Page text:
Sometimes, all it takes is half a look at a work of art to recognise the artist behind it and the message they’re trying to convey. That’s definitely the case with Ryan Falzon, who has been making waves in the local art scene with his ever-changing style. Now, Ryan is back with a new grittier exhibition set to conquer your heart… or break it.
Ryan is back with another prodigious exhibition, We Can’t Be Lovers. His latest will be showcasing Falzon’s latest works — a series of monoprint drawings stripped down from large scales and bold colours which make us want to cry from sheer happiness.
“Aesthetics are intentionally clean, while the images and text are borrowed from digital platforms,” Ryan told Lovin Malta.
“As in my other works, text adds to the narrative of the prints — along with the written statements next to harsh lines, accidental marks, hurried shading and delicate touches. Thematically, the works explore new ways of communicating, connecting, working, playing and loving.”
When asked what really inspired him to work on We Can’t Be Lovers, Ryan told us that a common characteristic in many of his works is the concept of duality.
His style has always been heavily influenced by collages and cut up techniques, where appropriated images present several realities or state on one surface.
When asked why his work is so incredibly sought after, Ryan told us what we already secretly knew in our heart of hearts “I’m told that a Ryan Falzon is spotted from miles away,” he smiled.
“I worked hard at developing a signature style that is unique — a style which like my personality requires a level of flexibility. The expressive undertones in the paintings and prints do not follow a rigid brief.”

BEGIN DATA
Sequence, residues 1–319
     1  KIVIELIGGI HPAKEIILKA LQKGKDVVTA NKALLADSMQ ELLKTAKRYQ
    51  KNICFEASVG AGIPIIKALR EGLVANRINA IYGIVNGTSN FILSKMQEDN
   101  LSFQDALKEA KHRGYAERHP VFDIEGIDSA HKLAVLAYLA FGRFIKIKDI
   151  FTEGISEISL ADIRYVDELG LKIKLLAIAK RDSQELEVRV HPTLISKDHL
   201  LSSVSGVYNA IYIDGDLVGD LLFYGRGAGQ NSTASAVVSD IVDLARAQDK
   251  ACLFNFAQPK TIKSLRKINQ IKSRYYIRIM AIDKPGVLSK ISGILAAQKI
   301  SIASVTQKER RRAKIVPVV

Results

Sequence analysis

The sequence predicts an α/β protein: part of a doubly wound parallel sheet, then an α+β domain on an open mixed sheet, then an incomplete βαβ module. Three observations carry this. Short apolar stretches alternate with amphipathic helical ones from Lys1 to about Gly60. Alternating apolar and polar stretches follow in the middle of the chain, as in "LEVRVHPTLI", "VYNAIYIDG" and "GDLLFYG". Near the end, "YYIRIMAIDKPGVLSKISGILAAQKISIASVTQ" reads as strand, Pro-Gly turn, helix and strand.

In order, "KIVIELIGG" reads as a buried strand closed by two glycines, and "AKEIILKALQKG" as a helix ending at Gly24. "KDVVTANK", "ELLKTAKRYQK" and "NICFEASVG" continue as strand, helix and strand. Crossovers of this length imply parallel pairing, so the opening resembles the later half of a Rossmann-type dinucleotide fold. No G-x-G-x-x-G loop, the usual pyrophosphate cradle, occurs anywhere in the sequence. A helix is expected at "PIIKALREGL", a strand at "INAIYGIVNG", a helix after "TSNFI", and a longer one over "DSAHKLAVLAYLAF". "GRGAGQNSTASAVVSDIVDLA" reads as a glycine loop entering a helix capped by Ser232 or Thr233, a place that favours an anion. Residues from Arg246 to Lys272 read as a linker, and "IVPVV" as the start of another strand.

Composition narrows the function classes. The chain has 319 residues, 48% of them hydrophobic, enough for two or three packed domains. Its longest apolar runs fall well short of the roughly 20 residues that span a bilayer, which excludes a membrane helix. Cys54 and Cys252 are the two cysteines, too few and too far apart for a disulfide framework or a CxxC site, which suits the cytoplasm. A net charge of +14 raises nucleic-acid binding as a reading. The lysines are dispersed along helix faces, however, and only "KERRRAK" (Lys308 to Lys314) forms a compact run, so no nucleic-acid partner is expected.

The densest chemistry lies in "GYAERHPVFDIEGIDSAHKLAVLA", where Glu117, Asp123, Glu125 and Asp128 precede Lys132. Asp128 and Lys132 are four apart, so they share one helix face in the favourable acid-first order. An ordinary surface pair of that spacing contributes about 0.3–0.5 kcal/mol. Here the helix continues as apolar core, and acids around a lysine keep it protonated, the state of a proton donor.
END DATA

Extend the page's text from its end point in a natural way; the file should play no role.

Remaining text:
“Good art comes from a good place”
Daily personal experiences have also triggered most of Ryan’s works in this exhibition.
“What I see as the state of duality we seem to be unconsciously living in — an anxiety induced by the feeling that while one is going on with daily life, a parallel life is happening online — one which you’re missing out on,” he said.
Ryan states that this constant switch between our realities often triggers within us a sense of isolation.
“Reality seems too much to handle, so we prefer to access it from behind a screen, where we create our comfort zone in the shape of a tailor made reality,” he said.
“Yet these are exciting times we are living in, times of change, where all of us are exploring new digital frontiers albeit without much guidance.”
Ryan tends to work mostly within a framework of themes and series which allow him to develop and explore his ideas deeply.
“I think about friends, lovers, ex lovers, heavy social issues, cool cars and tonight’s events and toss them all on canvas or paper,” Ryan told us. His work sometimes may look like a glitchy Facebook wall or Instagram feed, where simple, clean structures are regurgitated onto one gloriously cryptic image.
We couldn’t really help but ask Ryan what is it that torments his soul to produce such astounding art, but we were heavily disappointed to find out that nothing does.
“In We Can’t Be Lovers, images derived from the digital arena are given a human touch, illustrating emotions that are easily lost on screen,” he said. “There is no torment, no depression – the notion of the depressed artist crying his eyes out on canvas doesn’t work for me. Good art comes from a good place.” Damn you Ryan.
“Sometimes you feel like a full-on buffet, other days it’s classy fine dining or just a plain tuna ftira”
Since 2013, Ryan’s work has seen some serious changes. There was always a constant flair to his work, but this time, it seems like there was a change of style, and Ryan explains that this is due to the fact that he likes working on several ideas at the same time.
He likes to look at his themes from different perspectives. “These perspectives require different media to be visually effective,” he said. “I’m filtering my visuals — every single line, shade and text has a designated role. There are also what you might call other fixtures in my work, namely dark humour and an understated narrative.”
The evolution in Ryan’s work is an astounding one — from masculine scribbles at We Lost the War, to Pet Shop Boys inspired prints and now to this ethereal galvanised style.